Think about this: do the chief priests and elders have a right to ask Jesus this question? Perhaps not in these demeaning words, and probably not in the tone of voice they used, but surely the religious authorities do have a right to ask about Jesus' authority. They can't let every Tom, Dick, and Harry (or every Nathaniel, Joshua, and Zechariah) enter the temple and turn over tables.

So why does Jesus avoid answering their question? Why doesn't he simply say, "My authority is from God"?

The reason Jesus doesn't answer is that these men are not interested in the truth. And Jesus exposes their lack of interest through the question He asks. In effect, He asks, "You ask me about my authority; let me ask you about John. Was his authority from God or from man?"

Look again at verses 31 and 32. Are they concerned at all with the truth? In their discussions, does the true source of John's baptism arise at all? No. Their entire discussion is framed in terms of the response of the crowds. They care not one whit for the truth, only for the political ramifications of their reply.

So Jesus' answer to them is this: "You don't care for the truth, so why should I answer you? But if you do care, remember: The source of my authority is the same as the source of John's -- as he himself indicated."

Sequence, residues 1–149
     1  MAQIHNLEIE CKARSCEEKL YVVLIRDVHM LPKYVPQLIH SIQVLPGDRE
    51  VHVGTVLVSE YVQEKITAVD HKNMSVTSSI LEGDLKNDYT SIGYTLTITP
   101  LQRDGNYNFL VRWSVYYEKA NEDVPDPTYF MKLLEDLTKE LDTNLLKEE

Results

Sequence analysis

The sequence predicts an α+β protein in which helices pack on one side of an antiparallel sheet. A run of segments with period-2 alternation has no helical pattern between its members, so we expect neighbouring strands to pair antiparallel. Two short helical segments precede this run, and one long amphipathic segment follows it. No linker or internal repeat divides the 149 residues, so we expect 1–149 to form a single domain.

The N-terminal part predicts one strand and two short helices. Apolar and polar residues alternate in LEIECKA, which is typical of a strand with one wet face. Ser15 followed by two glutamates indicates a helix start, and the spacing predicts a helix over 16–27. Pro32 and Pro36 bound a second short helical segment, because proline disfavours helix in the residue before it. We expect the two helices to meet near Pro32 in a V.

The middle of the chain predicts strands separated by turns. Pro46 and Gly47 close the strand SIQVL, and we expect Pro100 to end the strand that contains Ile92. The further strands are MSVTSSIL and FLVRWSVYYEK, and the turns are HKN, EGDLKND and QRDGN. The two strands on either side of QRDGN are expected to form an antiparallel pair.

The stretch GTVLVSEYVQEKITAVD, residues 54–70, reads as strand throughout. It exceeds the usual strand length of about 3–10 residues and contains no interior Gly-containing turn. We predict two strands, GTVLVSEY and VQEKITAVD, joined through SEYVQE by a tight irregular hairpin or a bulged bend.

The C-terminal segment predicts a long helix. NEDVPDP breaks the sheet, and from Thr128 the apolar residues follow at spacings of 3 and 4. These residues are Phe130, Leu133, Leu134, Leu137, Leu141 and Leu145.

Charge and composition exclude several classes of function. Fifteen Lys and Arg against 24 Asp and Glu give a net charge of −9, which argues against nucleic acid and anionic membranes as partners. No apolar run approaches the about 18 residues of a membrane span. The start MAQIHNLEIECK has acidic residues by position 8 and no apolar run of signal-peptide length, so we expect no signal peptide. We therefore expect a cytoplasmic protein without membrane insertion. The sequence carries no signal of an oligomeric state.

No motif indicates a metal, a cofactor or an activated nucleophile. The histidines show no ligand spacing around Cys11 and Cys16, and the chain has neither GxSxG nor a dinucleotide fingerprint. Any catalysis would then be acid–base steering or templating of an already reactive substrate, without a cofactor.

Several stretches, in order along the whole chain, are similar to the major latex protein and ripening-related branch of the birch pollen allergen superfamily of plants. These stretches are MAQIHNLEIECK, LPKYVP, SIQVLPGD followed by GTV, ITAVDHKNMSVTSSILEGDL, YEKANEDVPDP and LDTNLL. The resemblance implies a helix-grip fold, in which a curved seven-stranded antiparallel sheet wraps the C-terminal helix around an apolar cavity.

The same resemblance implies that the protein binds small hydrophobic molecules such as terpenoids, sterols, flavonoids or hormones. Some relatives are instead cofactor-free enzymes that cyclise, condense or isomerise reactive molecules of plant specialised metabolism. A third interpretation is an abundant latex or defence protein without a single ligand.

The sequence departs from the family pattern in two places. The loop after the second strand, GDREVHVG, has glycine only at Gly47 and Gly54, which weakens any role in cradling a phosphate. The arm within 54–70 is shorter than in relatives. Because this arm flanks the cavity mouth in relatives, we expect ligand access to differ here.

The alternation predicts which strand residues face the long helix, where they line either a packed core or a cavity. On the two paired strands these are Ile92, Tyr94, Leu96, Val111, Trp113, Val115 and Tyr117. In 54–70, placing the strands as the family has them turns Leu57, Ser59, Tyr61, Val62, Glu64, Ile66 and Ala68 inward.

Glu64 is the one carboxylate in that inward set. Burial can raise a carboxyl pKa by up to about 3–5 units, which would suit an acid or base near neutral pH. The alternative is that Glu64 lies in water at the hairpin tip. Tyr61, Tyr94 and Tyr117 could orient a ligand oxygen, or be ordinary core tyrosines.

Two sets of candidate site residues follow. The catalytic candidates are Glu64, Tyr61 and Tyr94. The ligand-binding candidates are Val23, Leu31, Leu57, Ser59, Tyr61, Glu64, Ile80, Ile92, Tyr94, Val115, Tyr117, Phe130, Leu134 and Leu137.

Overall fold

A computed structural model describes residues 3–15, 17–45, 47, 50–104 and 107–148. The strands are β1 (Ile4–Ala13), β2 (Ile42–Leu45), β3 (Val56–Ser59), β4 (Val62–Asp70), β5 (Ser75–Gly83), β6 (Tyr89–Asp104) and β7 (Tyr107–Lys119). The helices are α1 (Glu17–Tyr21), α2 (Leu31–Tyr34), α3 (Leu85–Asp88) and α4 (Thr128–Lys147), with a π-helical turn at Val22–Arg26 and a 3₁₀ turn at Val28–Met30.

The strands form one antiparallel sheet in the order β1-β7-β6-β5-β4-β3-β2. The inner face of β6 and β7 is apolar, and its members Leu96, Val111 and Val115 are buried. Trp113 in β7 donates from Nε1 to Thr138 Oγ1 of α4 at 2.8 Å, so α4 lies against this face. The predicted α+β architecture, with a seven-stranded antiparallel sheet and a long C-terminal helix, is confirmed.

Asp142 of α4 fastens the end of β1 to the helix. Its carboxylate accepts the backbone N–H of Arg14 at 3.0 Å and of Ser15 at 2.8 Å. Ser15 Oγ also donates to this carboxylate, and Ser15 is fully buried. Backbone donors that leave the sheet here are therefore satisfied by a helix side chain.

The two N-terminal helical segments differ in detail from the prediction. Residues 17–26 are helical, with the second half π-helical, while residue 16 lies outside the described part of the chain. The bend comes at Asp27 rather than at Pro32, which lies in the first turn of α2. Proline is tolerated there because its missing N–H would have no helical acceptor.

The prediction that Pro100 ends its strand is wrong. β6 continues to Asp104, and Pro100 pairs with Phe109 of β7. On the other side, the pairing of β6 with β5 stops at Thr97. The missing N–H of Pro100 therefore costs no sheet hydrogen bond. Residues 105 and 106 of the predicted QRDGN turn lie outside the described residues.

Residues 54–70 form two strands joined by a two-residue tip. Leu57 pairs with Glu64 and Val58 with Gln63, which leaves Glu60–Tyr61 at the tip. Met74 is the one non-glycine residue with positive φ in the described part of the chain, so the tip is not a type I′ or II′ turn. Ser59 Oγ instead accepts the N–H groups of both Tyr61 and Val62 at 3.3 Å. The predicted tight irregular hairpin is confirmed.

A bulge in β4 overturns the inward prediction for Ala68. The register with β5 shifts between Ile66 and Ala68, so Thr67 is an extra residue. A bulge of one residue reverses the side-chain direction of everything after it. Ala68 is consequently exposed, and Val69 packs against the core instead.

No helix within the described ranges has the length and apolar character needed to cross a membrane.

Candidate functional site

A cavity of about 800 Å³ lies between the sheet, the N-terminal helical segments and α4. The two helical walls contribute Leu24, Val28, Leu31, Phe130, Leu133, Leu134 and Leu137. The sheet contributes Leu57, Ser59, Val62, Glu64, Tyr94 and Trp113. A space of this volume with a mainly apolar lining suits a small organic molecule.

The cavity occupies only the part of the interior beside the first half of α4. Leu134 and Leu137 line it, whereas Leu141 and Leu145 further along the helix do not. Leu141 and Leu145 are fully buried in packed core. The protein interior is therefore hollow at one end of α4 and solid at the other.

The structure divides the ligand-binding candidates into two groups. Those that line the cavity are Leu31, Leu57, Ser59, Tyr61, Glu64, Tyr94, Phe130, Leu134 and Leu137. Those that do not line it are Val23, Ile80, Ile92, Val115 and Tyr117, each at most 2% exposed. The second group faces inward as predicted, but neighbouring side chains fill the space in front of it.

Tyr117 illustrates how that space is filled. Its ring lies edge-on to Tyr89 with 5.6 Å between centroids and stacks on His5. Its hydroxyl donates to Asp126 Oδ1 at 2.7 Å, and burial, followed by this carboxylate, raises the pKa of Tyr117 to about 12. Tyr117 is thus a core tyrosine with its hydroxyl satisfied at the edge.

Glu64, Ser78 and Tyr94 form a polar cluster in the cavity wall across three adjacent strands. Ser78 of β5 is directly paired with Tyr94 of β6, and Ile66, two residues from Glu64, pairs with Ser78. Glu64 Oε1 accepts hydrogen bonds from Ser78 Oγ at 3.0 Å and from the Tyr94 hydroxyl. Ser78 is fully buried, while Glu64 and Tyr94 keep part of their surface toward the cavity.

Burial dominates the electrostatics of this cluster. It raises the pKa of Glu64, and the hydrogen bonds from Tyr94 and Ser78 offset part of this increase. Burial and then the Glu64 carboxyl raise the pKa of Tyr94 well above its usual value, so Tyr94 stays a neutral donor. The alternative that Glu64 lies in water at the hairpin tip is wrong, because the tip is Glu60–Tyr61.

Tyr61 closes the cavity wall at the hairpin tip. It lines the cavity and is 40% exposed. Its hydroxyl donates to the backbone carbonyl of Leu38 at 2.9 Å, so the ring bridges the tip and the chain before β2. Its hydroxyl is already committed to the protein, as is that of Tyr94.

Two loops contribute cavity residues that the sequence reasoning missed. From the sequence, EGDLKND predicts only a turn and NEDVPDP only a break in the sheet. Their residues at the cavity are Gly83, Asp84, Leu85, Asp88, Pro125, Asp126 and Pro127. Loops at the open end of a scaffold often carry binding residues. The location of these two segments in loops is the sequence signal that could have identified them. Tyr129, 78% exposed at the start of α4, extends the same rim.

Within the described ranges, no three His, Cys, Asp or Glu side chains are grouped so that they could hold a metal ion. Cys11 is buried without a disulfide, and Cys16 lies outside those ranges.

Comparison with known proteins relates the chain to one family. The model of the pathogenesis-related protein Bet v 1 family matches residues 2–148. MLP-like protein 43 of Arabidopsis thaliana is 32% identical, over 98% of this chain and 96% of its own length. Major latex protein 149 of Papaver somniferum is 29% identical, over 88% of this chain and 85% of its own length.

The positive lesson for us from this interchange is this principle:

The fruitbearer speaks the truth, regardless of expected response. We must not be like the politicians of ancient times (the chief priest, scribes, and Pharisees), nor the politicians of modern times, scripting our remarks to play to whatever audience is in front of us. If we are to bear fruit that lasts, if we are to take on the character of Jesus, we must be willing to speak the truth of the gospel, whether it is popular or not, whether we are in the midst of great revival or bitter persecution, whether it will lead to our being honored or our being put to death. We must be men and women of our word, as James reminds us:

But above all, my brethren, do not swear, either by heaven or by earth or with any other oath; but let your yes be yes, and your no, no; so that you may not fall under judgment. (James 5:12 NASB)

This thought leads directly into the last section of today's text, where Jesus tells the parable of the tenants of God's vineyard.

The Fruitbearer Loves the Word of God